Campus euro-latino américain, Poitiers
Course validation : Participation : 20% of grade will be assigned based on active seminar participation. Final paper (20 pages) developing a major issue related to the seminar. This paper must involve additional research to what has been read in the seminar. You may choose the theme and approach but a proposal of the paper must be discussed with and approved by the professor. Workload : Sessions readings and regular work for the ﬁnal paper. Pedagogical method : One hour of magistral class. One hour of debate on Latin American cases. Course Description : Although democracy has consolidated in much of Latin America, many decisive features of the democratic regime diverge among countries. Why are states effective in some cases but weak in others ? What explains the rise of powerful leftist and indigenous movements in some countries but not others ? Why do some countries have legitimate institutions while others do not ? Why is civil society strong in some countries but not others ? All these variables strongly shape the current democracies in Latin America. Rather than pointing to the democratic commonalities through the continent, this course examines how evolving patterns of state-society relations underlie the “varieties of democracy” in contemporary Latin America. The course aims to develop a historical and comparative approach to state-society relations in LA. Are there particular and distinctive trajectories in the slow process of democratization in the LA countries ? For sure, there is not a single common democratic trajectory in the continent ; but neither is each country absolutely unique. The goal in this course, hence, is to explore the main trajectories of democratization in LA, approaching this issue in a comparative and historical perspective. Finally, understanding Latin American politics also requires a cultural insight of politics in the region. In that sense, during the semester, in addition to the academic reading, students will have to read a classic novel on Latin American politics. Required reading : Journal of Democracy, Vol. 27, July 2016, Issue 3 ; Juan Pablo Luna, Segmented Representation. Political Party Strategies in Unequal Democracies. Oxford Studies in Democratization, 2014.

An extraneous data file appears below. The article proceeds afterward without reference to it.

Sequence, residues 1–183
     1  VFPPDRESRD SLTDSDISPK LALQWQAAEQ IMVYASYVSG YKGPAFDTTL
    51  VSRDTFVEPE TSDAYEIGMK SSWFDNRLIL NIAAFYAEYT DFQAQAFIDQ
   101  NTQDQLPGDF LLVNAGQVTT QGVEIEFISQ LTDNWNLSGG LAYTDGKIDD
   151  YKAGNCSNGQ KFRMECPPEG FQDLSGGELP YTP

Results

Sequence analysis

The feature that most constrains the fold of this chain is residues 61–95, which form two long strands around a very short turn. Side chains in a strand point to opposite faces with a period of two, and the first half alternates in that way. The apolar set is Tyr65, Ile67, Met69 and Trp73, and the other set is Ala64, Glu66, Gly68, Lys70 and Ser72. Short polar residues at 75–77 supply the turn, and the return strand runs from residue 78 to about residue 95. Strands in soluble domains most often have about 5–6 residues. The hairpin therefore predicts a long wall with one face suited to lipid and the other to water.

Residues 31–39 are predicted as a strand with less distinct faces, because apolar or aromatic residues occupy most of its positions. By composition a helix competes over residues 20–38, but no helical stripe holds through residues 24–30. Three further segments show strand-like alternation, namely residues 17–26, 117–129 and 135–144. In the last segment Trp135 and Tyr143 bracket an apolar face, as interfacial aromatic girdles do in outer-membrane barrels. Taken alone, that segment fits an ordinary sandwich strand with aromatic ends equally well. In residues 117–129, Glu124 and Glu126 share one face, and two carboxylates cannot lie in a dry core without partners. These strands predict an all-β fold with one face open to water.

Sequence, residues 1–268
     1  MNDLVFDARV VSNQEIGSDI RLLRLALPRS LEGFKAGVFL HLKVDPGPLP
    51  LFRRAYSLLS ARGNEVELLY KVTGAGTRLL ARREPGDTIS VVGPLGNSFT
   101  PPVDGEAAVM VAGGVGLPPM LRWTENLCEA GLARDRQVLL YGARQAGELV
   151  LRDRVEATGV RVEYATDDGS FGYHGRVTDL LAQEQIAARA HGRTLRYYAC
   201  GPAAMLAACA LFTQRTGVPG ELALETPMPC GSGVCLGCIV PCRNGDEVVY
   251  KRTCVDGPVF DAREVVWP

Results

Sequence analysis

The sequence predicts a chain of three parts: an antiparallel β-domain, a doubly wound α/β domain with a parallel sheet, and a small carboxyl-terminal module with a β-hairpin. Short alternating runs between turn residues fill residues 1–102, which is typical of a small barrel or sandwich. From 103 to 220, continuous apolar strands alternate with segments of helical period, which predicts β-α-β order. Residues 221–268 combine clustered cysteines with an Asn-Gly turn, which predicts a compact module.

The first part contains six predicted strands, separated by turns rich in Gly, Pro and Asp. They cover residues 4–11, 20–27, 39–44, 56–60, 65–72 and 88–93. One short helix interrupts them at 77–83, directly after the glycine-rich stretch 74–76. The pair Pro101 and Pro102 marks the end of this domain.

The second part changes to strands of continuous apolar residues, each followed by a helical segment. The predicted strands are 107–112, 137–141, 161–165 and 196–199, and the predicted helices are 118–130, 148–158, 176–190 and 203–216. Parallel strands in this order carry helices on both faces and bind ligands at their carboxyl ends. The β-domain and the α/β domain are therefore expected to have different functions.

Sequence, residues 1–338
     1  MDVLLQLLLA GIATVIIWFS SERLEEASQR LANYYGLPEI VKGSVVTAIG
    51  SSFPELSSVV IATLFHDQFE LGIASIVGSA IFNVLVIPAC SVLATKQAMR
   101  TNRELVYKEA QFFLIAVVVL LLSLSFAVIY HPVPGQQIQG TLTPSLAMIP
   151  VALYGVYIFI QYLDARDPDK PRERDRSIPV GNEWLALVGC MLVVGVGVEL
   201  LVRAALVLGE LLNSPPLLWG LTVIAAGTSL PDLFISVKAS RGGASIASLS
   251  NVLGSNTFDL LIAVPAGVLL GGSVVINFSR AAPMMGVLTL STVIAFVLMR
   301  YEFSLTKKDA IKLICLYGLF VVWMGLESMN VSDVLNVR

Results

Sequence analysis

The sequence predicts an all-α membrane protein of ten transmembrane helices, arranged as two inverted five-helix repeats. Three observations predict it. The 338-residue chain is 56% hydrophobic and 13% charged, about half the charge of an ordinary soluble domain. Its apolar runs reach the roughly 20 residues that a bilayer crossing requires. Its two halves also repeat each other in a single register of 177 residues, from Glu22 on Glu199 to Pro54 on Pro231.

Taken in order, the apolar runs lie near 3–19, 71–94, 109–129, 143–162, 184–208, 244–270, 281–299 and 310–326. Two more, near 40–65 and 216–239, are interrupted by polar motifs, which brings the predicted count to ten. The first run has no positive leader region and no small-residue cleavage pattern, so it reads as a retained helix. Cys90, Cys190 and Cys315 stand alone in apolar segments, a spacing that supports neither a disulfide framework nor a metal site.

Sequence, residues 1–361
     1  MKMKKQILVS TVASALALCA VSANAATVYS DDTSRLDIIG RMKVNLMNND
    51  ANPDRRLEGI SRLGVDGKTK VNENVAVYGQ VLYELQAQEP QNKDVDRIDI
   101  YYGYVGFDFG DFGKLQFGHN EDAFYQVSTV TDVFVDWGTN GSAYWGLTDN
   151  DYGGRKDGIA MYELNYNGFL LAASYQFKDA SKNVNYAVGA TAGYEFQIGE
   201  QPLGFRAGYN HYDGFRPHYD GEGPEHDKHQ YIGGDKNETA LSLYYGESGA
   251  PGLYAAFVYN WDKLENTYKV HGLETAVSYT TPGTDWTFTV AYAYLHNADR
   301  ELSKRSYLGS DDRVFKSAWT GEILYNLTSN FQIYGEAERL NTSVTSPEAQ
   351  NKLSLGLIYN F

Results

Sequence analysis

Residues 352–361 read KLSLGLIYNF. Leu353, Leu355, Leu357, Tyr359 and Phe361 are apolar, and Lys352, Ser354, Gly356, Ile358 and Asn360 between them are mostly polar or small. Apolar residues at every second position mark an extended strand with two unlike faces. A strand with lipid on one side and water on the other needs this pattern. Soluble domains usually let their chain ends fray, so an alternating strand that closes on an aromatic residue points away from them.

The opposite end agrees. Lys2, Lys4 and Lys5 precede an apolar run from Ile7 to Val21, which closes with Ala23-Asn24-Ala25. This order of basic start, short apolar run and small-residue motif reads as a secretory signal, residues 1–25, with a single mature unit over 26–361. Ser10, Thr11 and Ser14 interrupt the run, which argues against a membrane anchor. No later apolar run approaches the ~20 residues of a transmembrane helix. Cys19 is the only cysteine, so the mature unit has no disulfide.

TOPICS IN LAW
Semester : Autumn Number of hours : 48 Language of tuition : English
Teachers : Marie Hélène TOMLINSON (Enseignante). Prerequisite : Students should be aware that complex legal terminology or “jargon” will be minimized in this seminar, although some basic legal vocabulary will be presented in class lectures. Pedagogical format : Lecture and tutorials Senior lecturers : Marie Hélène TOMLINSON (Enseignante). Course validation : The overall assessment will be divided into an end-of-semester examination (30%) and session work (60%). Session work assignments will consist in an individual presentation and in a 5 page dissertation to be handed in at the end of the semester. The end of semester examination will be composed of a general essay. Each student will be required to report on their personal and group work as well as to participate in class discussion. Class participation will constitute 10% of the overall grade. Workload : Reading and preparation of class material. Presentation assignments. Pedagogical method : This seminar will be comprised of lectures and in-class discussion of print material, video and/or other media. Active student participation in class discussions is essential for the course to function. This seminar will include a visit to the various courthouses of Poitiers, and if possible, a brief “guest lecture” by a French judge and or attorney. Course Description : By the end of the seminar, students should be able to understand the major elements of the criminal justice system in France (a “civil law” system) as compared to the criminal justice system of the United States (a “common law” system) as well as be able to evaluate the advantages and the weaknesses of each system. This seminar will examine how the h